A famous politician in Kenya recently found herself shooting to the top of Twitter trends in the country after nude pictures alleged to be hers leaked online.
The politician is yet to confirm or deny whether she was the person pictured naked in bed.
The Standard could not independently verify the authenticity of the images.
Nairobi Woman Representative Esther Passaris was among those who faulted persons who release the sexually suggestive images of other people with the intention of emotional and financial blackmail, among other reasons.
“The release of intimate images of any woman or man without their consent should be condemned in the strongest possible terms as a violation of their privacy and dignity. It is not only a gross invasion of their personal life, but also an attempt to intimidate, shame, embarrass and silence them,” Passaris said on Twitter on Wednesday, April 19.
“The shame is ours as a society that thrives on the destruction of one’s character, oblivious of the pain or damage it causes to not only the aggrieved but also family, friends, and the public. This is a reprehensible act that cannot be justified under any circumstances,” she added.
As the now viral politician confronts the embarrassment that comes with being associated with prurience, questions have lingered online whether there are adequate laws in Kenya that protect people from being indignified using suggestive photographs such as nudes. The short answer is, yes.
The Constitution of Kenya and the Computer Misuse and Cybercrimes Act 2018 are among the laws that protect Kenyans from being indignified through emotional blackmail.
Article 28 of the Kenyan Constitution says: “Every person has inherent dignity and the right to have that dignity respected and protected.”
Article 31 of the Constitution, on the other hand, says: “Every person has the right to privacy, which includes the right not to have (a) their person, home or property searched; (b) their possessions seized; (c) information relating to their family or private affairs unnecessarily required or revealed; or (d) the privacy of their communications infringed.”
A breach of the highlighted rights could lead to heavy fines and lengthy jail terms.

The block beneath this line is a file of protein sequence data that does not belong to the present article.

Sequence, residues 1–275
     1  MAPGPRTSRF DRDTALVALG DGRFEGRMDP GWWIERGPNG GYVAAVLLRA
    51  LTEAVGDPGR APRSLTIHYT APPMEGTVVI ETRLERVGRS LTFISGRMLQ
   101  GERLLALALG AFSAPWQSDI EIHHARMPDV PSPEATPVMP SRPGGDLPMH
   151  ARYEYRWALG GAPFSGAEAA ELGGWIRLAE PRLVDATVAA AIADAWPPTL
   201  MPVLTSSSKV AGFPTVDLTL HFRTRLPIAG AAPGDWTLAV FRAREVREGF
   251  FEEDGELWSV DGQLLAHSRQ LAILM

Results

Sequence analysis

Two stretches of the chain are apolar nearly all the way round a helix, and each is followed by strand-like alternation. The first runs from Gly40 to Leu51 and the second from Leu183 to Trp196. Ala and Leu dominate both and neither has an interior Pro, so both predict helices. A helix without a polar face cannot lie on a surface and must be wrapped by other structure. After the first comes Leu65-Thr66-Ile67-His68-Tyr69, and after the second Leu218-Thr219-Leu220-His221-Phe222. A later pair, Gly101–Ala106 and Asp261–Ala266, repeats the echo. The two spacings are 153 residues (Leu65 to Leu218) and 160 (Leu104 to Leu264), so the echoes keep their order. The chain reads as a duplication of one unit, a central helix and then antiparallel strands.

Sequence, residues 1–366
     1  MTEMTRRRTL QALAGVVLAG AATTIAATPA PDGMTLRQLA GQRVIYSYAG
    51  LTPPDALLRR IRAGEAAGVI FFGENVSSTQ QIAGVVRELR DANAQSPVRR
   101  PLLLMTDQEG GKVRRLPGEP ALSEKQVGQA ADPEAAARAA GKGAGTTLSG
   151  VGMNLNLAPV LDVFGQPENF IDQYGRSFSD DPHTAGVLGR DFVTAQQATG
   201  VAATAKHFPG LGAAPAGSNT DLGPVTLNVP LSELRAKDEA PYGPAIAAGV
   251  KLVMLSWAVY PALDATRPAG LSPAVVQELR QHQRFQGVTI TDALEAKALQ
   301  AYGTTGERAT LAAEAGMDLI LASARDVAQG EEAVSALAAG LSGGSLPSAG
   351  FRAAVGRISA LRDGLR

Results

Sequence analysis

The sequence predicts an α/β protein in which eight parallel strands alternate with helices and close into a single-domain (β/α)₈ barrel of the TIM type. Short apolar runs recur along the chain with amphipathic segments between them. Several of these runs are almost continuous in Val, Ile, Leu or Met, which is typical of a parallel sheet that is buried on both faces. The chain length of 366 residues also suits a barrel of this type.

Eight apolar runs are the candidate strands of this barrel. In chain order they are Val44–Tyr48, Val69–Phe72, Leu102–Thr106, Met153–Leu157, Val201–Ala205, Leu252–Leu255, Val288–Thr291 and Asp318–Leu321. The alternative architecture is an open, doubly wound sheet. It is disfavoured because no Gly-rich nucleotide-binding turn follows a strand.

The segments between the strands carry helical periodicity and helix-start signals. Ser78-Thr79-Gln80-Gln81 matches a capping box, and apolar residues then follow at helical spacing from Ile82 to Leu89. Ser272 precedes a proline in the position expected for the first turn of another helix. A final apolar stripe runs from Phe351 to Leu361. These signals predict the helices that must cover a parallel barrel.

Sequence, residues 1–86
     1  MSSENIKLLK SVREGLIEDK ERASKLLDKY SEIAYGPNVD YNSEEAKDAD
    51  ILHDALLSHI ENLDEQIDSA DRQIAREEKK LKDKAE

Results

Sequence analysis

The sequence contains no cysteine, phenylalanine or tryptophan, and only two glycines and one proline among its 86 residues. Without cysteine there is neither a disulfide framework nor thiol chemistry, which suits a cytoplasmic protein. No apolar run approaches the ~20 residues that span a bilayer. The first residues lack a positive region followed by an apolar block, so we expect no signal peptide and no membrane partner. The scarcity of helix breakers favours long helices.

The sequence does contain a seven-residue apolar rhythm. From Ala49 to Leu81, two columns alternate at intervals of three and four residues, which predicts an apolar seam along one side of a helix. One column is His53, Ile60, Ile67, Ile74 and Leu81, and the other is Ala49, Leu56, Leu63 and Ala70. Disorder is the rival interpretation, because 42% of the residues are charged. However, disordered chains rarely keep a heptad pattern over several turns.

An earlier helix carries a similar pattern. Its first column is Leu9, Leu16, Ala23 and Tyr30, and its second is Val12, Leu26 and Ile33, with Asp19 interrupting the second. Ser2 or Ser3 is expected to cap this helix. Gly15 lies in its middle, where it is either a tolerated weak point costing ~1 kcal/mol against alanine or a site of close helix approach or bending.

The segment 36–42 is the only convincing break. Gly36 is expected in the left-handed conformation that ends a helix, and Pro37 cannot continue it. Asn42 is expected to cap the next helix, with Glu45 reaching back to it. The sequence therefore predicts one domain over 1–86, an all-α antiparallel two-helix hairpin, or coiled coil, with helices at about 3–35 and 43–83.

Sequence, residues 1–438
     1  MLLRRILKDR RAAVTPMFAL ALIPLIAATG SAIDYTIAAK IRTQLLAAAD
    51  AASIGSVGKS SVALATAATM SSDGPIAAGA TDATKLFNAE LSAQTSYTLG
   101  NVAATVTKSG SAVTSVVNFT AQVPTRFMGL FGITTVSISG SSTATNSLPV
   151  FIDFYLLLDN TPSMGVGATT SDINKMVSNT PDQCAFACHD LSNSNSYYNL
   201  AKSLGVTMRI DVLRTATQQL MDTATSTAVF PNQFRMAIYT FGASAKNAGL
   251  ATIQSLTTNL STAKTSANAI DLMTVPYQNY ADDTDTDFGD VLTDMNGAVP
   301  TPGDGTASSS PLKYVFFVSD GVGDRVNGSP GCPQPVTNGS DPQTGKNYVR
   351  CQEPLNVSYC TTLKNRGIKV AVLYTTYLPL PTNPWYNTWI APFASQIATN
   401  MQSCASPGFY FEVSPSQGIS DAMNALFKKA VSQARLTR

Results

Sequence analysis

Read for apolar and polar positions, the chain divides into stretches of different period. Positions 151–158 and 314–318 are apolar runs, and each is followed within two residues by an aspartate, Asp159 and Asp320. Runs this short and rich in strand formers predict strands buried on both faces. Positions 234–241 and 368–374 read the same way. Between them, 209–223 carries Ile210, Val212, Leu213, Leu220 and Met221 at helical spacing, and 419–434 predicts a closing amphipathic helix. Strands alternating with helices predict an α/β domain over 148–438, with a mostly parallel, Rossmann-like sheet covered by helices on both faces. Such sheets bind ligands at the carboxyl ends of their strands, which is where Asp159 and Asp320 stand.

Sharing of one’s nude pictures, which breaches his or her right to privacy and right to dignity, could see an offender getting fined up to Sh200,000 or two years in jail, or even both.
Section 37 of the Computer Misuse and Cybercrimes Act 2018 says the offences that attract the above punishment include transferring, publishing or disseminating the intimate or obscene image of another person.
An offender who uses one’s nude images to cyberbully him or her, risks spending up to ten years in jail, a fine of Sh20 million, or even both.
Section 27 of the Computer Misuse and Cybercrimes Act 2018 defines such an offence as cyber-harassment.
“A person who willfully communicates, either directly or indirectly with another person, commits an offence if they know or ought to know that their conduct is likely to cause those persons apprehension or fear… detrimentally affects that person; or is an indecent or grossly offensive nature…” says Section 27 of the Computer Misuse and Cybercrimes Act 2018.
Should a suspect be arraigned for flouting the Computer Misuse and Cybercrimes Act, especially by sharing another person’s intimate pictures, the court might order forensic analysis of the said-images to establish their authenticity and meta data such as location, time, device used, among other important details.
Kenya is among the countries in the world that have the worst cases of online bullying, according to the International Telecommunication Union (ITU).
So dire is the situation that Bungoma Deputy Governor Janepher Mbatiany on March 8, 2023 asked for women leaders to be protected from online bullies.
“It is sad that cyberbullies never cease to attack women once they have risen to top positions in politics or other administrative positions,” she said during an International Women’s Day event at Cheptais in Mt. Elgon.
In June 2022, the Makadara Chief Magistrate ordered an arraigned suspect, Joseph Njuguna Mungai, to pay his ex-girlfriend Sh5 million or serve five years in jail for sharing on Telegram nude pictures of the ex-lover.
The court said Mungai had contravened the laws on cyberbullying and distribution of obscene images.
In a foreign jurisdiction, mobile gadgets maker Apple, in June 2021, paid millions of dollars to settle a lawsuit with a woman in the US, who had explicit personal photos and videos leaked from her iPhone after she sent it in for repair.
As per a report in The Telegraph, the workers put multiple photos of the 21-year-old “in various stages of undress” and the sex footage on her Facebook account in 2016.
The iPhone was reportedly being repaired at Pegatron's California facility when the two technicians uploaded sexually explicit photos and a video of the Oregon college student.
The images were reportedly posted so it looked as if she had shared them – and she only took them down after friends alerted her that they had been posted online.